Researchers meet participants: (from left) investigator Jose Luis Roca; Dr. Ernesto Ortiz; study participants Rainer Leon and his mother, Rina Leon Chanbilla; and nurse Jennifer Rampas.
Jason Beaubien NPR

Originally published on Tue May 19, 2015 10:14 am

Is it the mercury or the malaria?

Or maybe it's something else entirely that's making people sick in the Peruvian Amazon.

Those questions are bedeviling researchers from Duke University who have been studying gold mining in the region. Illegal mining has exploded in the area in the past decade, and the people living downriver have a variety of medical issues, from malaria to anemia to high blood pressure.

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Goats and Soda
6:06 am
Sun May 17, 2015

Who Did This To Peru's Jungle?

This aerial view shows the effects of gold mining on Peru's rain forest.
Courtesy of Gregory Asner, Carnegie Institution for Science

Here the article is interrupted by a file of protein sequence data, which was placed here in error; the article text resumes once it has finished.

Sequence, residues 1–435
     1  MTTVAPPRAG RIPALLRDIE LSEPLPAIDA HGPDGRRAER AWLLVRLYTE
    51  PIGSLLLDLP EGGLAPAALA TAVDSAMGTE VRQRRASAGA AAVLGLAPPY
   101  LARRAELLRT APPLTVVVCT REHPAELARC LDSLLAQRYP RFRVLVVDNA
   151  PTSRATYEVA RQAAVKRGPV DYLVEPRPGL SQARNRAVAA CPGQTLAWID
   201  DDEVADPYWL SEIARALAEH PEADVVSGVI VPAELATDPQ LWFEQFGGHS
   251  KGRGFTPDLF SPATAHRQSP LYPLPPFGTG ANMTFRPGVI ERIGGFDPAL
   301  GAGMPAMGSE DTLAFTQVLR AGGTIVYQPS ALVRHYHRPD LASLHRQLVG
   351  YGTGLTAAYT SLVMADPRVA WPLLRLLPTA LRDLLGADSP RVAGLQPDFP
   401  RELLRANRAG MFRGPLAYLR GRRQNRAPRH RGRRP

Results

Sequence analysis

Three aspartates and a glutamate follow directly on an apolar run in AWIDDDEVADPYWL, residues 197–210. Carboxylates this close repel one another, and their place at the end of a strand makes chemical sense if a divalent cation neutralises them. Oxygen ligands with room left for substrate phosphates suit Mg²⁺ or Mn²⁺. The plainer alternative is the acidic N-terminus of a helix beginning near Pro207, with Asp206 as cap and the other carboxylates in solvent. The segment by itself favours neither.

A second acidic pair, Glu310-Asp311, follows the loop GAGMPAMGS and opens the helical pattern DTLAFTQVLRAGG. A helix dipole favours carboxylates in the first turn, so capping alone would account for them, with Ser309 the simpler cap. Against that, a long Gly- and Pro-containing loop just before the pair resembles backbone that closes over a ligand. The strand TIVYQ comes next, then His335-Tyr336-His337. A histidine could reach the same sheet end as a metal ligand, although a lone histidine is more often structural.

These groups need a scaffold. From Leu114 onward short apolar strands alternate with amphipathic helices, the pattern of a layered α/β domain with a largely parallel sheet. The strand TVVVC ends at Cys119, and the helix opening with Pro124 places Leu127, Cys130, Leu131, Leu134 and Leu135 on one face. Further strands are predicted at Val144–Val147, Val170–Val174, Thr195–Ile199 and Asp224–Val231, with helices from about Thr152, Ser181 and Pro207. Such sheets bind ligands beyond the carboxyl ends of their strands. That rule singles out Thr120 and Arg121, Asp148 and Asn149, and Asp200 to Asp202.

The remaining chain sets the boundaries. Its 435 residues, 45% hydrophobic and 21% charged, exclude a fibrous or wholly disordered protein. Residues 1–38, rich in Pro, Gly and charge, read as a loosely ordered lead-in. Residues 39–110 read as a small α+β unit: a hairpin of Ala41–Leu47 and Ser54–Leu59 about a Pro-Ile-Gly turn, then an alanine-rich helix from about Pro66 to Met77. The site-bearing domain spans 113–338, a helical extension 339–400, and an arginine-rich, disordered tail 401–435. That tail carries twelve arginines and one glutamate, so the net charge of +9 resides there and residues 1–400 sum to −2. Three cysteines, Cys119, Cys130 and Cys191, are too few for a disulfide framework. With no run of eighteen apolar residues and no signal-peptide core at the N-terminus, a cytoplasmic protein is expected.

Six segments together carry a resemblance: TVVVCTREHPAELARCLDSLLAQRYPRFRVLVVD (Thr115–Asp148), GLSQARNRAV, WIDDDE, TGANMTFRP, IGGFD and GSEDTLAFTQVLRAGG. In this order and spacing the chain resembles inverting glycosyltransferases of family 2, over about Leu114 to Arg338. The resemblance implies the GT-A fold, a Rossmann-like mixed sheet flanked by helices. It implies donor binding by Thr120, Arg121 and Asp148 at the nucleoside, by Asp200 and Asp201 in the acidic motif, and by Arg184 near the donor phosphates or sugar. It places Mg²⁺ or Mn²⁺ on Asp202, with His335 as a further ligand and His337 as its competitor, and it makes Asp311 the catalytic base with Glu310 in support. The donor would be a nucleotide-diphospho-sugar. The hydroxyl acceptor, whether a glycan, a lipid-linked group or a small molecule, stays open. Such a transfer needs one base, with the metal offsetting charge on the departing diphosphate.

Originally published on Sun May 17, 2015 3:52 pm

Gold has been a blessing and a curse for Peru for centuries. In the 16th century, one of the first Spanish explorers to arrive, Francisco Pizarro, was so enthralled by the mineral riches that he took the Inca king hostage.

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Goats and Soda
5:05 pm
Fri May 15, 2015

What Should Liberia Do With Its Empty Ebola Treatment Units?

A boot-drying rack sits empty at the Ministry of Defense Ebola Treatment Unit in Monrovia.
Jason Beaubien NPR

Originally published on Fri May 15, 2015 6:58 pm